Enhancing Sanctions Screening

With rapidly demanding changes in the financial sector and increasing regulatory demands, the capabilities of risk detection programs and screening engines are struggling to keep up with what companies need. Poor screening can resemble a large backlog of screening alerts and alarmingly high levels of false positives, which can directly impact operational costs and slow a company’s successful output.

An effective screening solution requires a screening engine that provides a thorough investigative process and accurate data delivery. Data must be complete, high quality, and result in actual positive detection rates and operational efficiency. In addition, machine learning techniques must be paired with accurate predictive calculations. Therefore, data scientists helping to build and perfect screening processes are more likely to contribute complete and detailed data and optimize processes that will diminish false positive rates and provide more precise screening. 

When companies focus on enhancing the sanctions screening processes, they will benefit from operational efficiency by reducing the effort and cost of data interpretation and thorough screening processes. 

Know Your Customer Procedures

Data can also better protect the relationship between financial institutions and customers. Know Your Customer (KYC) procedures in the securities industry are designed to protect financial institutions against fraud, corruption, money laundering, and financial terrorism. They are critical in assessing customer risk and a legal requirement to comply with Anti-Money Laundering (AML) laws. KYC standards require financial institutions to establish and verify customer identity, understand the nature of customers’ financial activities, and assess customers’ money laundering risks. When financial firms fail to comply, heavy penalties can be applied.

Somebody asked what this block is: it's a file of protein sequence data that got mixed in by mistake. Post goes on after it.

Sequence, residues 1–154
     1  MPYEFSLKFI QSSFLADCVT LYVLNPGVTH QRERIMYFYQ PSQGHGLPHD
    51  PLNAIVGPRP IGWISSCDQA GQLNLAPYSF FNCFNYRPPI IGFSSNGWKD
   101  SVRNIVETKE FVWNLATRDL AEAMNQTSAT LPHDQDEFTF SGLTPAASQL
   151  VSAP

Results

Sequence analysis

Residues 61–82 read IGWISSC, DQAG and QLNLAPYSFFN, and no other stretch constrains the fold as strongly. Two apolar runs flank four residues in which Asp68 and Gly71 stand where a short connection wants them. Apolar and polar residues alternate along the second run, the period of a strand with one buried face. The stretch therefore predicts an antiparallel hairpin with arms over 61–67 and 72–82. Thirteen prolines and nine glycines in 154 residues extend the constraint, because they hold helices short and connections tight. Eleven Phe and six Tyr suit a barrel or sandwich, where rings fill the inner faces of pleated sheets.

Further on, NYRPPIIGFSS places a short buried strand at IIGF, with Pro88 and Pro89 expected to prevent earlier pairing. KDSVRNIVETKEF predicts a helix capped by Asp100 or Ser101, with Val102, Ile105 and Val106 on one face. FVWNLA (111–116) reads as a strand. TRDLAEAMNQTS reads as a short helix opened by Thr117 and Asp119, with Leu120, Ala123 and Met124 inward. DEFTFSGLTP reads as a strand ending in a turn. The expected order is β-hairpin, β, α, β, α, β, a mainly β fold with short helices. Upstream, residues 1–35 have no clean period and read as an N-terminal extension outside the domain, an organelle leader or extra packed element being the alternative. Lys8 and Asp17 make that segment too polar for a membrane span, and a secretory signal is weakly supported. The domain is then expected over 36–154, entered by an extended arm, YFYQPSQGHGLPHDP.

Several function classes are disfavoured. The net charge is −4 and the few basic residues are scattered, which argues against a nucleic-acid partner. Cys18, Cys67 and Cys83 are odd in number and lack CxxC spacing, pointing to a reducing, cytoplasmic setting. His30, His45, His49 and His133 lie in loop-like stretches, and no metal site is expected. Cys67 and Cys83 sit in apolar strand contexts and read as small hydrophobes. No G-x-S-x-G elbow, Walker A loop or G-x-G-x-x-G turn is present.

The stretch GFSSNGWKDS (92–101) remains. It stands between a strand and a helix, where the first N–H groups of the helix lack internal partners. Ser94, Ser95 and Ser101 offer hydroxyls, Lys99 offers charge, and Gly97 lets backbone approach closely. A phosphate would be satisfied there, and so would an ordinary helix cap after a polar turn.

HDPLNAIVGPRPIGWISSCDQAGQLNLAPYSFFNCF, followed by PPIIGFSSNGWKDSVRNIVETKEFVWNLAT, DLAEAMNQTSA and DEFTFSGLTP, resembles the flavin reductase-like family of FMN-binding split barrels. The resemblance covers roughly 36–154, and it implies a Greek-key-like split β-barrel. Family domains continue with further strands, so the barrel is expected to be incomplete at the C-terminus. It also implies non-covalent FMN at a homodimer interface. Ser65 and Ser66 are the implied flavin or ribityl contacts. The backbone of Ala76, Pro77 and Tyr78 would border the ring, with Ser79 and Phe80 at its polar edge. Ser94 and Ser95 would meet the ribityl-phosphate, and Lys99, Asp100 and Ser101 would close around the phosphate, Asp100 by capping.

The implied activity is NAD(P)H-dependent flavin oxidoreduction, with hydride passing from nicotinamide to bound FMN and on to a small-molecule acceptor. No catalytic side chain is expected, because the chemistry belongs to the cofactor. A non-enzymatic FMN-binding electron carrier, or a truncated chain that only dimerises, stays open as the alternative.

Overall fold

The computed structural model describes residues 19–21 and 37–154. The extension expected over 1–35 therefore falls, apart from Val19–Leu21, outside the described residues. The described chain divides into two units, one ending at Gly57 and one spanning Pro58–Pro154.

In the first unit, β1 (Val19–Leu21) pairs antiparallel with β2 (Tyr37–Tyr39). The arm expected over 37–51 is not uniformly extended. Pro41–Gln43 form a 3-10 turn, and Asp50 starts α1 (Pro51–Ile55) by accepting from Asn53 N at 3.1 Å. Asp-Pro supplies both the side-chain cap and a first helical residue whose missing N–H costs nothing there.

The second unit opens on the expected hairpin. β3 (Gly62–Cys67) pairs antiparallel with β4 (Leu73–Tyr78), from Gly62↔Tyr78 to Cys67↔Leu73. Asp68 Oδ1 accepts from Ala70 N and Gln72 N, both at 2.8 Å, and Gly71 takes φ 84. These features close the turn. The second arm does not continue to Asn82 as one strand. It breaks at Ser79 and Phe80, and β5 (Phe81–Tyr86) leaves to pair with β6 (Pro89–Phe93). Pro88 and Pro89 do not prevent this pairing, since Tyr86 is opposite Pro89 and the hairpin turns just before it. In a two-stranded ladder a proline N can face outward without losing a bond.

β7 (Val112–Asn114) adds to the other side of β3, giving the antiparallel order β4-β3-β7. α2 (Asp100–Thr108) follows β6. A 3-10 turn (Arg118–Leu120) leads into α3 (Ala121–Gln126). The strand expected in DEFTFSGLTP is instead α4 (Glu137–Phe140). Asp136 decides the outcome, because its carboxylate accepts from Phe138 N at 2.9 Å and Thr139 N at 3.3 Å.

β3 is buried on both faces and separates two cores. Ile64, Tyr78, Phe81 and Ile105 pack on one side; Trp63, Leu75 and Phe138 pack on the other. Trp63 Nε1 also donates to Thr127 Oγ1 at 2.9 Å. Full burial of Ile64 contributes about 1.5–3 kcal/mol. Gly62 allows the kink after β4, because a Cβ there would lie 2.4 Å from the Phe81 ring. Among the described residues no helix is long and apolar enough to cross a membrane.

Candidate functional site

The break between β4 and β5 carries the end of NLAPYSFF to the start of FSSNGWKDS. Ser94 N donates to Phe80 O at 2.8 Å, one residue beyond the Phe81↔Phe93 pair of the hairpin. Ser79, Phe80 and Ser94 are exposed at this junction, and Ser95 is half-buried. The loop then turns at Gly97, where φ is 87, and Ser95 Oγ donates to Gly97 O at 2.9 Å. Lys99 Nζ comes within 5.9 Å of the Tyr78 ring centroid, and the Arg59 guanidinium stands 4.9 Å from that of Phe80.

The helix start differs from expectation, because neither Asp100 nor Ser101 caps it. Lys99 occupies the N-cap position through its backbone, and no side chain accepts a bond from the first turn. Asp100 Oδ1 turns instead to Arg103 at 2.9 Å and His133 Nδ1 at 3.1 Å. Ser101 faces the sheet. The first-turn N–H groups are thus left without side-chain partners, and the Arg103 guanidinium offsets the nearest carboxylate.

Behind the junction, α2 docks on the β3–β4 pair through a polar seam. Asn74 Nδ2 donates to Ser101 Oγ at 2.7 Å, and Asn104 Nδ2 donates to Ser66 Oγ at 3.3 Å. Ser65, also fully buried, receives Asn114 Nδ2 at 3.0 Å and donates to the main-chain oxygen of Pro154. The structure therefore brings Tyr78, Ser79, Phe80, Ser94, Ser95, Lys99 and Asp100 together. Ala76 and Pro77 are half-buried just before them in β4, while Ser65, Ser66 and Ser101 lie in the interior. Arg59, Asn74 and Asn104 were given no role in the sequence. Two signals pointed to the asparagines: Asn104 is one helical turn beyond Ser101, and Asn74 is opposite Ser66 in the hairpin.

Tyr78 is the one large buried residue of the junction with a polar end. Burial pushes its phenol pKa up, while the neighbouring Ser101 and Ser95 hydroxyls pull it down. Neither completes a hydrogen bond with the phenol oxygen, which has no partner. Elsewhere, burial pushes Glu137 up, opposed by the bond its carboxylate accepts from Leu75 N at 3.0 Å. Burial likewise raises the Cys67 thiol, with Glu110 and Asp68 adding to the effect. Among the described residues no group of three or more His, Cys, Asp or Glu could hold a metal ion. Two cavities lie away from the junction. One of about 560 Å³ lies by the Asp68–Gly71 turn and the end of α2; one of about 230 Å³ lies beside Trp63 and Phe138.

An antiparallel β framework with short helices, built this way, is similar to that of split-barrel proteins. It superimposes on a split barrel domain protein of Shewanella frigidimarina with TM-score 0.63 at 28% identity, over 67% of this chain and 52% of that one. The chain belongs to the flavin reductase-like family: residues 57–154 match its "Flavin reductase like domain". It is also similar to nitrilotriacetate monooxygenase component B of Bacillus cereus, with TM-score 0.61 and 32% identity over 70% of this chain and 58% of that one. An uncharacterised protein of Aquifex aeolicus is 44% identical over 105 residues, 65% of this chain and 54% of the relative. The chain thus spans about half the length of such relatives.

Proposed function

Data science is critical in informing KYC insight, and the more data financial institutions can use to access and evaluate customer records, the better they can protect customers. Financial firms will be better able to trace customer records, identify duplicate accounts, and update records to ensure customer integrity and financial compliance requirements. 

KYC compliance and AML are becoming more prevalent as more financial institutions dedicate significant time and resources to KYC compliance processes. Protecting both clients and investment advisors, KYC compliance supports the safer transfer of money while providing greater levels of transparency, trust, and risk mitigation.

Data science interpretation and informed processes will benefit companies by better informing their financial compliance regulations imposed by different laws and authorities. By understanding how data science supports companies in meeting financial compliance regulations through improving transactional monitoring, sanctions screening, and conforming with Know Your Customer regulations, companies can better verify the identity of their customers, increase the accuracy of the information, protect the relationship between financial institutions and customers, improve risk management practices, and more effectively mitigate the consequences of financial crime. With these streamlining and improved processes, companies can be left to focus on driving the success of their business and the longevity of their legacies.